Lock TTL

We can impose a Time To Live (TTL) on the lock key so that it is automatically deleted by Redis if the TTL expires. Any locks that are left established by faulty threads will then release after a suitable timeout, protecting against deadlocks. This is purely a safety feature, however, and it is still far more efficient to ensure your threads release the lock as they should.

Setting a TTL on a key in Redis can be done using the PEXPIRE command, and can be issued by your thread immediately after the SETNX in a MULTI/EXEC transaction, like this:

SETNX lock-key
PEXPIRE 10000 lock-key

However, this introduces another problem. The PEXPIRE command is unaware of the result of the SETNX command, and sets the TTL of the key regardless. If we’ve got a deadlock in place, and multiple threads keep updating the TTL of the key at high frequency each time they want to establish a lock, then they will be perpetually extending the TTL of the key and it will never actually expire. To resolve this issue, we need Redis to handle this logic in a single Redis command. We can achieve this with Redis scripting.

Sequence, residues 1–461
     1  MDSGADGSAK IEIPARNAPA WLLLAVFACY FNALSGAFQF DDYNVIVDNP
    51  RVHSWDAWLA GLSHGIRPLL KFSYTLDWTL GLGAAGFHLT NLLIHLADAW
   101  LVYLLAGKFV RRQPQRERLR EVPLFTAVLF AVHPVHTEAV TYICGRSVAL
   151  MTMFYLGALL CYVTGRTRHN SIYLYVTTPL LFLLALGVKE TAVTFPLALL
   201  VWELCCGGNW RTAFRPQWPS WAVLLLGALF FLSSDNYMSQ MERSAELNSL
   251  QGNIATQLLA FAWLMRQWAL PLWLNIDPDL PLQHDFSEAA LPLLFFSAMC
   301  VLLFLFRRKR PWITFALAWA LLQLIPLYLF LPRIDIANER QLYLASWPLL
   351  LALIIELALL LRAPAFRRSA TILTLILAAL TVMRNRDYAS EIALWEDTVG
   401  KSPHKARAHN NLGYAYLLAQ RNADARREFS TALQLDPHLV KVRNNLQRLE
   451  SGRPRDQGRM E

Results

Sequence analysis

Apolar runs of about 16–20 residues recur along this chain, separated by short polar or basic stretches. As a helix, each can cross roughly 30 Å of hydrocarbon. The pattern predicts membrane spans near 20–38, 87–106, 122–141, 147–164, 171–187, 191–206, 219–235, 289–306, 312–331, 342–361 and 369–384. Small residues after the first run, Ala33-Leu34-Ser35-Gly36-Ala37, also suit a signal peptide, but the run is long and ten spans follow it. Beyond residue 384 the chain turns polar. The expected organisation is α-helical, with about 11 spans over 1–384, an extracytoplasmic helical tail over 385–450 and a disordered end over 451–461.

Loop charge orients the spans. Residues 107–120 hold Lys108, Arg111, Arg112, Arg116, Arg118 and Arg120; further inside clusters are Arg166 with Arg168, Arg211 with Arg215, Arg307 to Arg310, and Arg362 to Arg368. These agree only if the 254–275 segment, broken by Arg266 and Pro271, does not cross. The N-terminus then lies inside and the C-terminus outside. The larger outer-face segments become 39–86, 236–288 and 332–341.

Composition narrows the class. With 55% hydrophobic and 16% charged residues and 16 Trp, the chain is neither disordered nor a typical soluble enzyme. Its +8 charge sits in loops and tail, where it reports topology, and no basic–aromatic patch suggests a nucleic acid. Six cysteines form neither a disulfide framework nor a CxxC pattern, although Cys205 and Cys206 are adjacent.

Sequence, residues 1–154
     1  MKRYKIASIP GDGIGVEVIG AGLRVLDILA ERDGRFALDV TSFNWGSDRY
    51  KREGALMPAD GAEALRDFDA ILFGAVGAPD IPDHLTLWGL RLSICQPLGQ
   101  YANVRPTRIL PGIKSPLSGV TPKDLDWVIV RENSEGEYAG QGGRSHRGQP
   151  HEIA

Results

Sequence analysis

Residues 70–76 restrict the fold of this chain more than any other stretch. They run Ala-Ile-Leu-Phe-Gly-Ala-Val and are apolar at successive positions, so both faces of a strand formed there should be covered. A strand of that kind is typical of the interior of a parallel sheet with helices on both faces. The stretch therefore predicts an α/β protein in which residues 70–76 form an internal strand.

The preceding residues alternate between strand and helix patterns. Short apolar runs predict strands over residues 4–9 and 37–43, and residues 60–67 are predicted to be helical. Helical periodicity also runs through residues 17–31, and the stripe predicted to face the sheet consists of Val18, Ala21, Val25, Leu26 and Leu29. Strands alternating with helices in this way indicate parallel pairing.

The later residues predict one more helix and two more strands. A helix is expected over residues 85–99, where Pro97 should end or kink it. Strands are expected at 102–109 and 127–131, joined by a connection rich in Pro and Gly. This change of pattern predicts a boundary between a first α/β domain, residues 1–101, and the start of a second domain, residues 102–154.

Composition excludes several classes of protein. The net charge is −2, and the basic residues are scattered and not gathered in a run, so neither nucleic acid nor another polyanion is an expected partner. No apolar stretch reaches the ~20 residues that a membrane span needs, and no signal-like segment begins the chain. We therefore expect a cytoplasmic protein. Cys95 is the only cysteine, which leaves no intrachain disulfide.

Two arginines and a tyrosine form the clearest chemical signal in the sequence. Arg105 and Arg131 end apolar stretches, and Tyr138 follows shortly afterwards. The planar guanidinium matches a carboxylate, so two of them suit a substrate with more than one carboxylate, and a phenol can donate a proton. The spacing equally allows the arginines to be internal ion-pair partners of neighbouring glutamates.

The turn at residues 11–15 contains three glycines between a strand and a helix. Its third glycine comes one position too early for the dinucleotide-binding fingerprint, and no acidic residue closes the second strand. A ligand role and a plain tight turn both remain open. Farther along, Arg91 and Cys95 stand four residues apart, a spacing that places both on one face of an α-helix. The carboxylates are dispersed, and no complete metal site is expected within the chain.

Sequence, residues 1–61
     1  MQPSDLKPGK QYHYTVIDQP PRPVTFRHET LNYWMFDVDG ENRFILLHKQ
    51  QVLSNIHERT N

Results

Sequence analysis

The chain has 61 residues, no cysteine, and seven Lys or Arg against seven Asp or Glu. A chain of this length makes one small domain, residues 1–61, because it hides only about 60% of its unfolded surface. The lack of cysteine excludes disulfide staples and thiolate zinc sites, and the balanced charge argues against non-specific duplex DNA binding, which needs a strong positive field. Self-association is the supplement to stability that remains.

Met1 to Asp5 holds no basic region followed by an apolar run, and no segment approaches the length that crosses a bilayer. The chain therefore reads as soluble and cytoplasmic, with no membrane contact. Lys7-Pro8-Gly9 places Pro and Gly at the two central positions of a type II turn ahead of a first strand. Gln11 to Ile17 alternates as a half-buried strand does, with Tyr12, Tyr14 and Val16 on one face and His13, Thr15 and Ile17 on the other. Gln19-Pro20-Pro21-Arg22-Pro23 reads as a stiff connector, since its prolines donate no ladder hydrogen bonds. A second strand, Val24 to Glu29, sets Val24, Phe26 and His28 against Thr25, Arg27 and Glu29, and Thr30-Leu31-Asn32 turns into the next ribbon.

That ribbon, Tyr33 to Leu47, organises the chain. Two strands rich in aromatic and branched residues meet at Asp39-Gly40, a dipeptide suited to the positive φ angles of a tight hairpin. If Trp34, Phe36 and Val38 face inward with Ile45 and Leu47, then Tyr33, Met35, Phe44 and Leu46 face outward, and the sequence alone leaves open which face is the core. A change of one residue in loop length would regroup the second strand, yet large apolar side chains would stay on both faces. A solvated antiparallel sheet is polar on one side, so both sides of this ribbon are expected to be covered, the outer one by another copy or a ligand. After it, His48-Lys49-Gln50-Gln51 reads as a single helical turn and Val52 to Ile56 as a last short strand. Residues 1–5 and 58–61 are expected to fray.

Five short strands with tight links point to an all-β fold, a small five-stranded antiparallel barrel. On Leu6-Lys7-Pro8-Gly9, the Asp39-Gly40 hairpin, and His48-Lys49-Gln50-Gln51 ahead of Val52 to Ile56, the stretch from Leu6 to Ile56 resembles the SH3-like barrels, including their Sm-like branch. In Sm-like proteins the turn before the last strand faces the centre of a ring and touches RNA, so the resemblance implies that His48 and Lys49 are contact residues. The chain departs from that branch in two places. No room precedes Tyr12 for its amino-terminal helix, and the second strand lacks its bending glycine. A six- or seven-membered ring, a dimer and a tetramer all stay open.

Note – this is also possible without a script by using the additional PX and NX arguments for SET in Redis versions >= 2.6.12, but we’re using a script instead because it’s compatible back to 2.6.0.

Redis script

With Redis scripting, you can write Lua scripts that run multiple Redis commands inside the Redis server itself. Your script is cached in the Redis server and run by your program with a single EVALSHA command. The power here is your program only has to run a single command (the script) to run multiple redis commands in a transactional way that is immune to concurrency clashes since only one redis script can run at a time.

Here’s a Lua script to set the lock with a TTL in Redis:

-- Set a lock
-- KEYS[1]   - key
-- KEYS[2]   - ttl in ms
-- KEYS[3]   - lock content
local key     = KEYS[1]
local ttl     = KEYS[2]
local content = KEYS[3]
local lockSet = redis.call('setnx', key, content)